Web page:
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The Night I Could Have Been Raped.....Or Worse

I went to college in a small town about 3hrs away from home.  To be honest, I don’t know why I went to this school. It was the opposite of everything I thought I wanted in a college:  small campus, very small town, high academic standards, and literally plunked in the middle of nowhere. The most exciting thing in town was the Super WalMart.  However, I absolutely loved the look and feel of the college so I figured I would give it a try and if I didn’t like it I could always change the next year. As luck would have it, I loved the school and stayed for all 4 years.

I joined a sorority and spent my weekends socializing with either my friends or sorority sisters, and usually attended a fraternity party or two.  My sophomore year, I liked a guy who was in one of the well-known fraternities and it seemed as though he liked me, as well. We spent a couple frat parties sitting in a stairwell talking before he got up the courage to ask me out.  I was excited and looked forward to the night of our date, although we didn’t have any real specific plans.

I don’t remember how the date started to be honest.  I think maybe we went to dinner? I really have no idea.  What I do know is that after it was dark he suggested we drive to a state park that was about 10 miles outside of town and go for a walk on one of the many trails.  At the time, I thought he was being extremely romantic and certainly thought it was a great idea! 

Before I go any further with this story, I should give you a little background history on my dating life prior to that.  In high school I was totally smitten with a guy that went to a different high school from me. He was interested in me, as well, and we dated on and off through high school and into my early college years—-all the while he was seriously dating a girl at his own high school (and then they both went to the same college).  I knew about her and she knew (somewhat) about me. But whenever I would “go out” with this particular guy, it was either just driving around (which was the thing to do back then on a Friday or Saturday night) or we would go watch a movie at his house. We never went anywhere in public. Never went out to dinner. Never went out to a movie at a movie theater.  I barely ever met anyone in his family. Considering the number of years we dated, it seemed strange to me that I was never invited to any of his family holidays or events…but it was because she was always invited to those. His close friends all knew me quite well but I guess he didn’t want anyone else to see us out in public because that would likely cause issues with her.  So, fast-forward to this particular time in college where a guy not only likes me but is willing to be seen in public with me AND go take a romantic stroll down a moonlit trail? Well, hell. I was completely flattered and nearly giddy that he was making any kind of effort to actually “date” me.

So, we get to the park, which is, of course, closed at this point in the evening.  We parked outside the gate and walked down the road until we got to a trail and then headed into the woods in the dark.  Here we were, walking along and holding hands, talking, and it seemed nearly perfect to me. I was totally caught up in the moment!!

A few minutes into our walk, he stops me on the trail and turns me around facing him to kiss me.  And then he says, “Do you know why I really brought you here?” And I said “No?” ….naively thinking he had something else magical planned.  His response was “So that nobody could hear you scream.” I shit you not. That’s what he said.  And then he laughed.  He thought it was hilarious.  It was all some kind of funny joke to him. I immediately realized my immense lapse in judgment. He was absolutely right. NOBODY would hear or see ANYTHING.  It was late at night, the park was closed, we were miles outside of town and I don’t even think I had the opportunity to tell anyone where we were going since it seemed a rather impromptu suggestion that evening.  (Additionally, this was before cell phones…..I mean, I did actually have a bag phone back then but that certainly was not with me on my date.) I immediately told him it was time to leave, which thankfully we did. I’m incredibly fortunate the night ended the way it did!!  He took me back to my place and when he tried to come upstairs to my apartment, I told him the date was over and I never went out with him again. I never spoke to him again. I could hardly look at him when we passed each other on campus.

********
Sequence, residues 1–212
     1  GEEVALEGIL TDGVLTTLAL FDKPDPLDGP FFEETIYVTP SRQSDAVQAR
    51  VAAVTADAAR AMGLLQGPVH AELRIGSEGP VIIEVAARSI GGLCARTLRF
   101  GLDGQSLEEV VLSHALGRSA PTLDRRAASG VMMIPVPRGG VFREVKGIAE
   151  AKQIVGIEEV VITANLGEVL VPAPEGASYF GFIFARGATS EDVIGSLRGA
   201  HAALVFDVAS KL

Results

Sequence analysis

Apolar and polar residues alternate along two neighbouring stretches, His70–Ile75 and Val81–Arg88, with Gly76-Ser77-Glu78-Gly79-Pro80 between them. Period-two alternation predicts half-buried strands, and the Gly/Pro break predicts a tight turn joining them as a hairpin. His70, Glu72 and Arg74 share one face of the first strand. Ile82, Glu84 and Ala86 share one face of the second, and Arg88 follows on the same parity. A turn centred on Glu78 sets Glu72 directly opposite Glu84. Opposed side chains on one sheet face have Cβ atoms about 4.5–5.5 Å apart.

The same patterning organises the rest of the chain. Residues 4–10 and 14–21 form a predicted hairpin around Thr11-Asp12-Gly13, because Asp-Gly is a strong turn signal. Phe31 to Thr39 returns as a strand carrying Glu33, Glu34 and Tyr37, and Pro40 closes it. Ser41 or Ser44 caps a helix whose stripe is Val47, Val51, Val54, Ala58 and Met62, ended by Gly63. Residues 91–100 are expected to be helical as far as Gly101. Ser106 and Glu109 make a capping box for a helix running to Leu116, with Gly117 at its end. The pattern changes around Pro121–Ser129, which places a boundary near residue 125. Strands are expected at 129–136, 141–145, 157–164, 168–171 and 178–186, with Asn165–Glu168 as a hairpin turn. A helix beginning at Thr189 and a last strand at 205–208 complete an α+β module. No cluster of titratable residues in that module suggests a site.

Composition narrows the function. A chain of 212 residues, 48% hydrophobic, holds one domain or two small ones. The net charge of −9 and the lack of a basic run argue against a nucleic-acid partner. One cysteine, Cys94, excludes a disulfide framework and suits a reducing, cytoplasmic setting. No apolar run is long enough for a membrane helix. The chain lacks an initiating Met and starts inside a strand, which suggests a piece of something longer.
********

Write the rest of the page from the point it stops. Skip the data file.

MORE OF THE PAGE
I don't remember the walk back to the car that night.  And I don't remember the car ride back into town.  It’s strange now because I will go several years without thinking of that night and then all of a sudden something will bring it back to my attention.  Whenever I think of it, I still get sick to my stomach of what “could have happened.” I could have been raped. Or murdered. Or kidnapped. Or who the hell knows what else could have happened?!  I’m extremely grateful that NOTHING happened to me that night. I’ve always wondered if he actually had ill-intentions that evening or if it really was all simply a sick and twisted kind of joke to him?  But I will never forget the chills that went through my body in that split second. My heart immediately beating out of my chest in fear. The hairs that stood up on the back of my neck. Or the huge lump that formed in my throat.  No, I’ll most certainly never forget any of those things. Those are things that will literally scar you for life. They have certainly scarred me. I will never forget exactly how I was blissfully unaware and happy one minute and then horrifyingly scared to death a split-second later.